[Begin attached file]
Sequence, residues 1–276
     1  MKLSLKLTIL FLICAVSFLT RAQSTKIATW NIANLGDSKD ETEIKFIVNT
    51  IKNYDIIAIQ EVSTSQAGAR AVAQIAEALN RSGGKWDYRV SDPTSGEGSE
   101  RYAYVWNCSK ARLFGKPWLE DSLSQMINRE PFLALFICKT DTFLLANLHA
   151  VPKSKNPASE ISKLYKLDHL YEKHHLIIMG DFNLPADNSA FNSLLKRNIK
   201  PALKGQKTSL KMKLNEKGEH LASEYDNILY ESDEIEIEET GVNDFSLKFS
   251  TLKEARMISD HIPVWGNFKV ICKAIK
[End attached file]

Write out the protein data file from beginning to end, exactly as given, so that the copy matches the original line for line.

Sequence, residues 1–276
     1  MKLSLKLTIL FLICAVSFLT RAQSTKIATW NIANLGDSKD ETEIKFIVNT
    51  IKNYDIIAIQ EVSTSQAGAR AVAQIAEALN RSGGKWDYRV SDPTSGEGSE
   101  RYAYVWNCSK ARLFGKPWLE DSLSQMINRE PFLALFICKT DTFLLANLHA
   151  VPKSKNPASE ISKLYKLDHL YEKHHLIIMG DFNLPADNSA FNSLLKRNIK
   201  PALKGQKTSL KMKLNEKGEH LASEYDNILY ESDEIEIEET GVNDFSLKFS
   251  TLKEARMISD HIPVWGNFKV ICKAIK